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Five Keys to Selling to Spendthrifts

Neuroeconomics research suggests that roughly 15% of your consumers are “spendthrifts” – they have unusually low sensitivity to the pain of paying, i.e., the neural discomfort associated with parting with money. Selling to people who feel little or no buying pain should be easy, right? With reduced buying inhibition, a spendthrift is more likely to take advantage of any given offer compared to a tightwad or even a normal, “unconflicted” person. Nevertheless, making the sale isn’t a given. For one, your offer is competing with other offers both for similar products or services as well as offers for dozens of other, unrelated items. Unless your spendthrift has the net worth of Bill Gates, he will have to make choices – as much as he might like to, he can’t buy everything. So, in our ongoing effort to translate academic neuroeconomics into practical neuromarketing, here are five ways to help close the deal with these free-spending customers: […]

By |October 9th, 2007|

Five Keys to Selling to Tightwads

One out of four potential customers for your product may not buy it, even if the purchase makes economic sense or is otherwise a good decision. A couple of days ago, in Tightwads, Spendthrifts, and Everyone Else, I wrote about research that found people could be categorized by their spending behavior into three major groups. While the largest group, described as “unconflicted,” comprised 60% of the large sample of survey subjects, a quarter of the group were identified as “tightwads.” The latter group presents a unique marketing challenge because they will resist spending money even when the expense is reasonable and perhaps justified. How does a marketer not only make the case for her product, but get a tightwad to part with his money? Here are five tactics: […]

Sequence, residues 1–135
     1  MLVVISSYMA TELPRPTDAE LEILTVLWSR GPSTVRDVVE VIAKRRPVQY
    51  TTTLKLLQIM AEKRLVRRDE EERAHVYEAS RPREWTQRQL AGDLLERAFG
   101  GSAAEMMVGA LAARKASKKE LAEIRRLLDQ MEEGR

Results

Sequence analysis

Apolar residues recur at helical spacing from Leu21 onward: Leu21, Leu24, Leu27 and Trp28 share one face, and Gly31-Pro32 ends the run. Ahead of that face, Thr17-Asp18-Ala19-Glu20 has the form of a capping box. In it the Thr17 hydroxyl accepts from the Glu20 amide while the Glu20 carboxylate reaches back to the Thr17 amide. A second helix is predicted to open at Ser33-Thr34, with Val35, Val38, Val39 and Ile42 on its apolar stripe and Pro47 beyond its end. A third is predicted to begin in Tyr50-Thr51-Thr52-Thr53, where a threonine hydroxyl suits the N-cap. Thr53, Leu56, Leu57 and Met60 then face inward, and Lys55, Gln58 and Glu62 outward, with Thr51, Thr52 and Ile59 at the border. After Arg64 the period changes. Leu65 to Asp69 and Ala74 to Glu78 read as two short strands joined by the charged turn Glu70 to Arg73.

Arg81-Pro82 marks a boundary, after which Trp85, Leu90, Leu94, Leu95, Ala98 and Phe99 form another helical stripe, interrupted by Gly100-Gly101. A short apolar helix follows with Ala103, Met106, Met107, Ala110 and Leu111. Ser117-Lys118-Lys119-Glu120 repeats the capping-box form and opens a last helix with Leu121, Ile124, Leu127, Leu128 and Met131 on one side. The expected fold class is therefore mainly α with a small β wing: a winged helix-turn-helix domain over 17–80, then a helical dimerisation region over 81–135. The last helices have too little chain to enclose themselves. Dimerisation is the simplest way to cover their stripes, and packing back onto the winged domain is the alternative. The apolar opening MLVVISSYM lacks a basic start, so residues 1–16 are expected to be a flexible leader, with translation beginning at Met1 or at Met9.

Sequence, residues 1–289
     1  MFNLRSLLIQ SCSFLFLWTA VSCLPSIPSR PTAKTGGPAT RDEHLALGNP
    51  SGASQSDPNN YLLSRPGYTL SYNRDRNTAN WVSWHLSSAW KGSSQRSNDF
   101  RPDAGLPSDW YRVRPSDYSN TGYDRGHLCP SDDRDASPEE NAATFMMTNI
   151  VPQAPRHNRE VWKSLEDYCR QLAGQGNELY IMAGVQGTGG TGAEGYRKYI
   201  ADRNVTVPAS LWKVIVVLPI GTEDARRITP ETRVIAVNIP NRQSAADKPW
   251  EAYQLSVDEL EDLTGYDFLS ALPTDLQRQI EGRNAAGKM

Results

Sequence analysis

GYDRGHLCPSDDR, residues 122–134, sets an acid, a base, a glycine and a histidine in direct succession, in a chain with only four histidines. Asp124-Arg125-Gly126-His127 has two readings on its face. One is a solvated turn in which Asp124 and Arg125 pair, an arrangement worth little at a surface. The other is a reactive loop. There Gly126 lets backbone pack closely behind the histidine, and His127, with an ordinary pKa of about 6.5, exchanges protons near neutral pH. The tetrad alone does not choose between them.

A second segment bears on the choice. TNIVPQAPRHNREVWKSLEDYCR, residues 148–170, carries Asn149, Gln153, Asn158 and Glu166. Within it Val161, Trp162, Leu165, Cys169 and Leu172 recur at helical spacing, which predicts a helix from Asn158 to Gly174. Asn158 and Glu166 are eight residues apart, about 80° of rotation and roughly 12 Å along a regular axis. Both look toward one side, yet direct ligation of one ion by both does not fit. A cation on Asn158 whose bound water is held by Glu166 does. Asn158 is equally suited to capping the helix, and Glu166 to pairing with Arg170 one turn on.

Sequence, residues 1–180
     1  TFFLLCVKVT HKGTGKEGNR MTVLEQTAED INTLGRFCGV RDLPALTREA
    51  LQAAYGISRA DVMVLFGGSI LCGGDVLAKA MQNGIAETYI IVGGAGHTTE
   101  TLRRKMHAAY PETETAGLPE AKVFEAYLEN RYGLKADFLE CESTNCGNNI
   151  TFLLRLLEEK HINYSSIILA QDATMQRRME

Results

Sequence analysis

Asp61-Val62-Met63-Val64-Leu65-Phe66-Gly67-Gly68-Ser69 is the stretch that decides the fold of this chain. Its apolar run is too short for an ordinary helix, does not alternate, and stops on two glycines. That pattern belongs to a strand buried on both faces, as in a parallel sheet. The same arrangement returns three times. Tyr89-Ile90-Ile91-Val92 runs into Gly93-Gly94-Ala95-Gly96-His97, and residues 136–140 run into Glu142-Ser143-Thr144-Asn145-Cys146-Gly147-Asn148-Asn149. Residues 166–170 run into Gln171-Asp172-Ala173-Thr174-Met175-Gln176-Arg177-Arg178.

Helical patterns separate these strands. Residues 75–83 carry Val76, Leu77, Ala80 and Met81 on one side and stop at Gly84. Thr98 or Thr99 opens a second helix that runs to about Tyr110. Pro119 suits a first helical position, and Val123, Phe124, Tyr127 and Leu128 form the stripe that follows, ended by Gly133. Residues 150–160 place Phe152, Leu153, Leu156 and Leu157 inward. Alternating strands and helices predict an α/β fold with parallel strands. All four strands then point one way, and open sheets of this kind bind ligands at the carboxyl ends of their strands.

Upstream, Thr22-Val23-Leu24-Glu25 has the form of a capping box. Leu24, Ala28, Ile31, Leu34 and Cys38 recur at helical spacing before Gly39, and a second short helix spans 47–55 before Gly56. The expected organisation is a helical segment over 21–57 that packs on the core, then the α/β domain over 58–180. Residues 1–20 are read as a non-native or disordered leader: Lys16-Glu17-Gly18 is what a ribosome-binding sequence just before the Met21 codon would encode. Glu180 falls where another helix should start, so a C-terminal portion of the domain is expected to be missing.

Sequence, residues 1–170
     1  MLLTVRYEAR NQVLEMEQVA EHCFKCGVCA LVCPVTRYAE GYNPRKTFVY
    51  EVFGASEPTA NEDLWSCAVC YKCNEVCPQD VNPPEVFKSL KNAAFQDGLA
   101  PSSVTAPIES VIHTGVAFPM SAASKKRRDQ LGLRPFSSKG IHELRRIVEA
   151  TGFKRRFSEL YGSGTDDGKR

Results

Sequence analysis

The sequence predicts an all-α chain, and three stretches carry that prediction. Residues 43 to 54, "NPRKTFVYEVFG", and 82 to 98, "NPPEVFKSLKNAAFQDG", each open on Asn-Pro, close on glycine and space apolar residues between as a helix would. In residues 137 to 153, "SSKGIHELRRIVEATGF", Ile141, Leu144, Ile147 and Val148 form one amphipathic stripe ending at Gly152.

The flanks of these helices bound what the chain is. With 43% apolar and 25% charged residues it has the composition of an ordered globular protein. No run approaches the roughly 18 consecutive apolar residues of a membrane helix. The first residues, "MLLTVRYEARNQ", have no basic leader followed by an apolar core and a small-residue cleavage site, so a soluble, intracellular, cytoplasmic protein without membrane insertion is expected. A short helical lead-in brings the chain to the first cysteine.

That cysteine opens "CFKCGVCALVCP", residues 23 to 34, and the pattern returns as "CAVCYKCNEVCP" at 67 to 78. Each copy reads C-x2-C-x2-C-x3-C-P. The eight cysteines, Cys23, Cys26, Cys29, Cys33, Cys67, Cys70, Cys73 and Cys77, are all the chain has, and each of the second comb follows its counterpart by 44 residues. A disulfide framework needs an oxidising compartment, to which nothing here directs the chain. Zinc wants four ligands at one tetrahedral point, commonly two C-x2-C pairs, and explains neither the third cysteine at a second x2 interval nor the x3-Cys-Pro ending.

By |October 3rd, 2007|